Reel Scenes: Moana, A Disney Movie

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The animated film, “Moana”, was full of family fun. I wanted to take my wife and 5-year-old grandson because one of the lead characters, Maui (voice by Dwayne Johnson), reminded me a lot of my wife’s 320-pound nephew who played offensive line for the University of Colorado Buffalos. The tattoos even had similarities.

The creative cartoon is entertaining for kids and adults alike. There is great animation in the film. I marvel at how far we have come from Bugs Bunny and the Road Runner!

Thematically, the movie was about a young woman becoming independent, how sacrifice is required in life, and the challenges it presents. A young girl, Moana, is called by destiny to save her family and her South Sea home from environmental destruction caused by the theft of a sacred stone. For those who worship the environment, they will like the movie because it is about saving Mother Earth from a mystical ecological catastrophe.

Moana is encouraged by her grandmother to accept her calling, to sail away from her home island on a quest to find the mischievous Maui, who stole the stone. She must return it to its rightful place to set the world back in order. Her leaving on the perilous journey was done over the objections of her father.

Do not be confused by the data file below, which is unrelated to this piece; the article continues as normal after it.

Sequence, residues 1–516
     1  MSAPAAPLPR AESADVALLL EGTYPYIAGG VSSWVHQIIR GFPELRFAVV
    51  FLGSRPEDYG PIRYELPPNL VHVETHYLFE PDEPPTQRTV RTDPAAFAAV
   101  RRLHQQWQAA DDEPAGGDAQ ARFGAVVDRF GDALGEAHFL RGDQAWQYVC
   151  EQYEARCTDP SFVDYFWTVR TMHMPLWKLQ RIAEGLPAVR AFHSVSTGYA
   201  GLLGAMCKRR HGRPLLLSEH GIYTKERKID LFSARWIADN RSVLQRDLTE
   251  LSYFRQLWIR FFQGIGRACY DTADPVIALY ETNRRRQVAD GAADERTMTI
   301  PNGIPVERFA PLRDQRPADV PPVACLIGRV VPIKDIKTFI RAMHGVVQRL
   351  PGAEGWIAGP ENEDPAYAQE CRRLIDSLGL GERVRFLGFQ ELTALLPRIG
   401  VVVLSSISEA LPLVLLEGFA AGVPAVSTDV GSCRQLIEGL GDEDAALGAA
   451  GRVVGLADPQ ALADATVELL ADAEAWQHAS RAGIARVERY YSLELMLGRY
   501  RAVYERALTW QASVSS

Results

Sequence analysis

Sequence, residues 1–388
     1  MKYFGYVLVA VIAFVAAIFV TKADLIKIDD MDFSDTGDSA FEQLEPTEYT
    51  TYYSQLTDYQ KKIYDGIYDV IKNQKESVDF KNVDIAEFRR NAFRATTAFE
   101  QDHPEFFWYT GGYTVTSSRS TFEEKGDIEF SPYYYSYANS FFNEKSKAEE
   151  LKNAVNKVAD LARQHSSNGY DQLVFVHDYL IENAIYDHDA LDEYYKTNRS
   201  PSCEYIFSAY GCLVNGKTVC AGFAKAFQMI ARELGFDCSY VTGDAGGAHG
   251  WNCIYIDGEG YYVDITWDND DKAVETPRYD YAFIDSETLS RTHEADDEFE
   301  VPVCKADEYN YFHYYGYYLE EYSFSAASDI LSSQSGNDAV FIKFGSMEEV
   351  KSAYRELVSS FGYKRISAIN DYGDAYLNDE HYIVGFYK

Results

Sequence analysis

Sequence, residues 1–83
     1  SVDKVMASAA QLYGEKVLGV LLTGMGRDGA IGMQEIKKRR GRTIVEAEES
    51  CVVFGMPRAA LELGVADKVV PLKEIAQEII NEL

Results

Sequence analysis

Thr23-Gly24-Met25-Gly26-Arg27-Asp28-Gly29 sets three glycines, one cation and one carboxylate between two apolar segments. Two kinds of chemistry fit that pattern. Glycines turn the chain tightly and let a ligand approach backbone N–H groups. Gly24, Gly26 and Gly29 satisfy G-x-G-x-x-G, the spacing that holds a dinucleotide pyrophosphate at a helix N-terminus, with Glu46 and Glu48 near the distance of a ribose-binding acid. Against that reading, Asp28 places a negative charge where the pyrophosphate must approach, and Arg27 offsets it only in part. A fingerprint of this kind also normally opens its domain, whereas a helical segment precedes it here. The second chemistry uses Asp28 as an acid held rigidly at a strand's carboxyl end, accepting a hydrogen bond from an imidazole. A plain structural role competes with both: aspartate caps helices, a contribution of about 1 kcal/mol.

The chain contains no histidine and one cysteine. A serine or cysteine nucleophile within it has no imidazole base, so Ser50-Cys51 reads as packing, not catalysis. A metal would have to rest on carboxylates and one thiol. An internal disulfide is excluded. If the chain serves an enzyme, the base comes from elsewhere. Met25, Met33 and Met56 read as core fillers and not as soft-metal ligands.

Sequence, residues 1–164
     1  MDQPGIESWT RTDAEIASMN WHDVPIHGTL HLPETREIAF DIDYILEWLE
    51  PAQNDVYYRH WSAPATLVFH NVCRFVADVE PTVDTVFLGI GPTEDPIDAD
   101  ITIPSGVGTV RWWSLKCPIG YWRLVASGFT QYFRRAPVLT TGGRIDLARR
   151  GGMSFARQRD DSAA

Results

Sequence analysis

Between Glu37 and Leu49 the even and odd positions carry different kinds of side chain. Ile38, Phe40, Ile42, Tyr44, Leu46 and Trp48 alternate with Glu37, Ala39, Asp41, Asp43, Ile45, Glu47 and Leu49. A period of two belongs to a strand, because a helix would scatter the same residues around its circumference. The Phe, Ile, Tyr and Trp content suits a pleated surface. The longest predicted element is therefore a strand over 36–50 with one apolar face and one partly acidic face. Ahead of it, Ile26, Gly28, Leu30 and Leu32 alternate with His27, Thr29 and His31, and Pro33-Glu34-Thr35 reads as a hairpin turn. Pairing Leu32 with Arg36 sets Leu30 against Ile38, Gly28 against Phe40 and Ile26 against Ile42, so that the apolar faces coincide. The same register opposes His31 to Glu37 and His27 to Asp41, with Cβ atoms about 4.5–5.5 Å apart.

moana-01-800Maui, the other main character is a demigod, an egotistical oversized adolescent, whose parents were deities, with supernatural powers that come from a large fishhook. Although there were many New Age themes presented, I saw several Christian ideas, which makes me think the screenplay writers may have grown up in the church but fell away after they moved to Oregon!

Anyway, towards the end of the movie, there was a parting of the sea (not the Red one), borrowed from the Bible. Also the fishhook, which gave Maui his power, was a symbol of the Holy Spirit that empowers us when we really decide to become “fishers of men.”  Later in the movie, there was a time of repentance and confession from Maui, which came when he transformed from the selfish, to a sacrificial hero.

It was a fun, and funny, movie. There was also a goofy bird, I believe the name was “Hey-Hey”, who added nothing but humor to the story.  Young and old viewers alike enjoyed the little foolish fowl.

I think parents (or grandparents) should take their daughters for a fun-filled film. It could lead into some thoughtful discussions about her future goals, dreams, and how important it is to take meaningful risks for the family or community. Our heroine also did not have to have a boyfriend in the script to make her whole, which I found very refreshing. When we go out in in the world, we really have to go it alone, but with the support of family, friends and church, we too can help save the day!